Quick OLPC Video Review

Add to iTunes | Add to YouTube | Add to Google | RSS Feed

Awhile back, I recorded a video about the “One Laptop Per Child” program. I purchased one myself. I did it to help another child, and to have a laptop around my house for when kids come over. When you donate the $400.00, you receive the laptop for yourself, one is sent to a child in an underprivelidge country, and you also get 1 year of T-Mobile HotSpot for free! I received the laptop, so let’s check it out!

On first look, it has a lot of apps a kid would use. There is a chat module, Web browser, an RSS aggregator, calculator, and so much more. It’s slim and lightweight, which is great for a kid. It has USB connections, as well as audio in and out. It’s quite durable, and you can carry the screen around. The quality of the screen is excellent.

However, I don’t really like the user interface. I know my way around a computer, and I actually found it confusing to navigate around this laptop. I also couldn’t connect it to my home network because it’s not supported. But again, for a child doing the things they’d need to do, it works perfectly. The keys are small and designed for a child’s fingers.This laptop was designed for portability and education, not high power and workload.

Ponzi wanted to try it, so I had to hand it over to her. She waited really patiently! She wanted one of the Asus EEE laptops for Christmas, until she found out it comes installed with Linux. However, we have found out recently that Asus is looking into making their laptops come with Windows on them. We’re holding off for now.

If you’ve received one of these laptops and have had a child use them, I’d love to hear about your experience. Please leave me a comment or shoot me an email to [email protected]

Want to embed this video on your own site, blog, or forum? Use this code or download the video:

49 thoughts on “Quick OLPC Video Review”

  1. Pingback: olpc.tv
  2. Pingback: Left Of Center
  3. chris i’ve seen the previews of the olpc on the discovery channel, and I think it is a great thing for people to buy so that people in developing country’s have a chance to get up to speed in some way to the rest of us. The expandabily of knowledge to those people will just explode and they will be able to become more than a trird world country now now. Rock on with your bad old self when i have enough spare money to get i am.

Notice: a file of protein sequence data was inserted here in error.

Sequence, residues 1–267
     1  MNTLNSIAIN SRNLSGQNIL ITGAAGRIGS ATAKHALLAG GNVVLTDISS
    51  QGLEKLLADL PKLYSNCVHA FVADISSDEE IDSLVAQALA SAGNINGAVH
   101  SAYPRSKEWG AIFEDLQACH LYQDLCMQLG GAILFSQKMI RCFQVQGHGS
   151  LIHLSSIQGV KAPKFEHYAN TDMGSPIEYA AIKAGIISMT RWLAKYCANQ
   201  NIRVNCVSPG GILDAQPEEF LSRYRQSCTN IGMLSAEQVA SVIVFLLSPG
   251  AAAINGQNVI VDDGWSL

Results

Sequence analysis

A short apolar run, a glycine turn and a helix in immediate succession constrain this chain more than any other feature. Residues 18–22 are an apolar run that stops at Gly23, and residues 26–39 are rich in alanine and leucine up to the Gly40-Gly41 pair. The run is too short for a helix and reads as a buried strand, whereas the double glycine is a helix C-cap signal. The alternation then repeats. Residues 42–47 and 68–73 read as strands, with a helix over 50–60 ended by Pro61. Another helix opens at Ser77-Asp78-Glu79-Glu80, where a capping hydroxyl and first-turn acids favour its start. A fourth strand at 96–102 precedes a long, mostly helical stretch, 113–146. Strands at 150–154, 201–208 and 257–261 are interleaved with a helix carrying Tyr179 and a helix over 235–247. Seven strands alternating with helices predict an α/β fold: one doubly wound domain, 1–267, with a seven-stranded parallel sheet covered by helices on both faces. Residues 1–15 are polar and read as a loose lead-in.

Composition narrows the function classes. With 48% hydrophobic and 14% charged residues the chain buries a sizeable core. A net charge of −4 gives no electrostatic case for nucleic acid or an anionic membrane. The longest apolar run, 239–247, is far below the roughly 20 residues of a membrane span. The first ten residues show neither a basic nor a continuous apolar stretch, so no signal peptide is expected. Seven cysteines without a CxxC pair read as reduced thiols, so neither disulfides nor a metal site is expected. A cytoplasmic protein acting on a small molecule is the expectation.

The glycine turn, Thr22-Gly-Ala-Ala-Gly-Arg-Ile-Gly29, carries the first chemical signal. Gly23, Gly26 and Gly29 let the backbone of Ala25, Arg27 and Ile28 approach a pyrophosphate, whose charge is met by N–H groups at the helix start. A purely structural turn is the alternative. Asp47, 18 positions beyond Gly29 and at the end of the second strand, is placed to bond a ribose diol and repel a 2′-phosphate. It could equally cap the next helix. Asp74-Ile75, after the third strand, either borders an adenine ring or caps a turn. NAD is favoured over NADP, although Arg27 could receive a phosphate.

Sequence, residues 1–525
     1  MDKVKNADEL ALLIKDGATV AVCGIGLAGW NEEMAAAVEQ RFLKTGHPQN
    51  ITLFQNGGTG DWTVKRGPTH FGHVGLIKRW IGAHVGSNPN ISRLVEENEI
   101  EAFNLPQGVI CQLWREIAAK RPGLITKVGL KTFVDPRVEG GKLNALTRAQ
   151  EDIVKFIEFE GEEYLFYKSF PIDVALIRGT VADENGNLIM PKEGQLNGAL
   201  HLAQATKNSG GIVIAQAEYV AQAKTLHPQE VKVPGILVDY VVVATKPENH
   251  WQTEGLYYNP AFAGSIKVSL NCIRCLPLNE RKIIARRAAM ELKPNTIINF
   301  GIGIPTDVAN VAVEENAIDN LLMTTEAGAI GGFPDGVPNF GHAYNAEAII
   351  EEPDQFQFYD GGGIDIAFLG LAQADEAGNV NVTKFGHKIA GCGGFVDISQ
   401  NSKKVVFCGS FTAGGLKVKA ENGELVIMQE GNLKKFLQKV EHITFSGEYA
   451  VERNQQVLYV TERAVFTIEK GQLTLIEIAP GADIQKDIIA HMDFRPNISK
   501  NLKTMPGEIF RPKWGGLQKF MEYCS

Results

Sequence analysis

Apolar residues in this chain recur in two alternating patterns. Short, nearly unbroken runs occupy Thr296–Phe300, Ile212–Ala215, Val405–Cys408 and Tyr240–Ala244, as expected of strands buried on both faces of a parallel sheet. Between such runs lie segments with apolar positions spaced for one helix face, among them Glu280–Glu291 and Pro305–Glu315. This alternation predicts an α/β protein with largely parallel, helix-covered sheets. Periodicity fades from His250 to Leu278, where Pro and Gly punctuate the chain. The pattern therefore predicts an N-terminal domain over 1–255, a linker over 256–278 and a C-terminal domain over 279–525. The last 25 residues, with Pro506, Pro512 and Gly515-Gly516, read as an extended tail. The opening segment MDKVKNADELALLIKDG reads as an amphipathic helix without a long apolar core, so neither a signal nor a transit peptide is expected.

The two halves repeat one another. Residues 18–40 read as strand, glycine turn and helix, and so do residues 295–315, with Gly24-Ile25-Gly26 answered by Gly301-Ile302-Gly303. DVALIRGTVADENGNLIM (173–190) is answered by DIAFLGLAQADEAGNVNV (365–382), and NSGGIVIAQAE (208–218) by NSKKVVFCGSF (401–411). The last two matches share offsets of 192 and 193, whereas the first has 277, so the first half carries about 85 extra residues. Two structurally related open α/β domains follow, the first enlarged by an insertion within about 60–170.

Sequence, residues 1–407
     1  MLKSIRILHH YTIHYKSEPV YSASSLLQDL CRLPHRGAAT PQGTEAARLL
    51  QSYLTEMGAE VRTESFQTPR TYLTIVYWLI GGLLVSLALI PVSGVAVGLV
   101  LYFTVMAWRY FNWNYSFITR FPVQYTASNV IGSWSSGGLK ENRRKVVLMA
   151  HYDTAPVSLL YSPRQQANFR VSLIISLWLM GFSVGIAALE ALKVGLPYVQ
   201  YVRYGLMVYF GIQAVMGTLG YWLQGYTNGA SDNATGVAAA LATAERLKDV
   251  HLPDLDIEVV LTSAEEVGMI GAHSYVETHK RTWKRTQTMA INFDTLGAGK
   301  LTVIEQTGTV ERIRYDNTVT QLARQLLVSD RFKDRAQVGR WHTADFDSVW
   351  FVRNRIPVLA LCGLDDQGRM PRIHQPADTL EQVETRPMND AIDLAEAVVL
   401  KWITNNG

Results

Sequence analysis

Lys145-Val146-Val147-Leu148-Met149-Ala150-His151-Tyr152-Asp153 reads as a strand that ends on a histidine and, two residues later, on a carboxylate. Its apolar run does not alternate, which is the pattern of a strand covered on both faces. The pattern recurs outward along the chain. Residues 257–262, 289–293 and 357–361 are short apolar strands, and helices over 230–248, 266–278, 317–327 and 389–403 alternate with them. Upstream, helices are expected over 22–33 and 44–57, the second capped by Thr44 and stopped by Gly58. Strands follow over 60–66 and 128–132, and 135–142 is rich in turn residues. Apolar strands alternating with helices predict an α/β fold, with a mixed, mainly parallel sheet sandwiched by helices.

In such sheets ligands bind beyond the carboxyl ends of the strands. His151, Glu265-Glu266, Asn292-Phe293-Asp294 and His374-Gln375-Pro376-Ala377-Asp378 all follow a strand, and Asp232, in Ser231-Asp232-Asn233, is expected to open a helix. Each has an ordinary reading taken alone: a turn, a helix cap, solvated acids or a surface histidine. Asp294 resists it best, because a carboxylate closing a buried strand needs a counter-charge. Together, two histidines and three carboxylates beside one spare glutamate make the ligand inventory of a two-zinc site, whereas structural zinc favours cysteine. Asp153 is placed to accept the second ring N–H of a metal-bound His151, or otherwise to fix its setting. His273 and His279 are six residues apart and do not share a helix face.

4. Asus Eee PC with Linux is not that bad. I suggest that you have a go – you can always install Windows on it anyway (you’re a geek like me, right? hehe).

  5. Hi Chris – my kids love it and have had a relatively easy time using applications once they’ve been launched. The XO reminds me of playing with logo and basic on the Apple II when I was a kid – but now way more powerful, 21st century style.

  6. well i thin that the most important thing here is that u r helping others to become more succesfully in life. i thing that helping kids to noe more about computer and introduccing then into the thecnology is very important coz they are the future.

  7. Nice hands-on look at the OLPC. Getting technology into the hands of kids is the first step toward enabling them to realize their dreams. The wireless mesh network and the fact that the screen’s backlight can be turned off to conserve battery life and improve reading conditions under direct sun seem like some excellent innovations. I’m curious to know more about the Linux platform and whether or not OLPC is hoping to foster development within the open source community.

    The “Give One Get One” program has been extended from its original deadline and is still going on up until the end of today (December 31st) at http://laptopgiving.org/.

  8. I like the One laptop per child program!

    I remember reading an article which was about, kind of the same program they doing here. I don’t remember which country they did it in, or who were behind the project. The pupils brought their laptop to the school every day, and they were using it as we in the Western-part of the world do. They charged the battery on the school, and used it along with the family when they were home. I don’t remember much of it, but i will E-mail you if i find the magazine πŸ™‚

    I think they used an ASUS laptop.

  9. I just bought one befor x-mas but it just got here and I think its really cool. I am going to give it to my nephew for his birthday. It is perfict because my sister lives right next to starbucks so he can get internet. Also he is only 6 so it is just for him. Thanks Chris and keep up with the videos.

    peace

  10. Hi Chris…good review and interesting thoughts on buying the OLPC laptop for kid visitors…very great idea. I know you have tried Linux before, is there a reason why Ponzi doesn’t want to try the laptop with it?

  11. hey chris
    u the man
    watching ur stream is very fun
    i spent so much of my christmas break watching u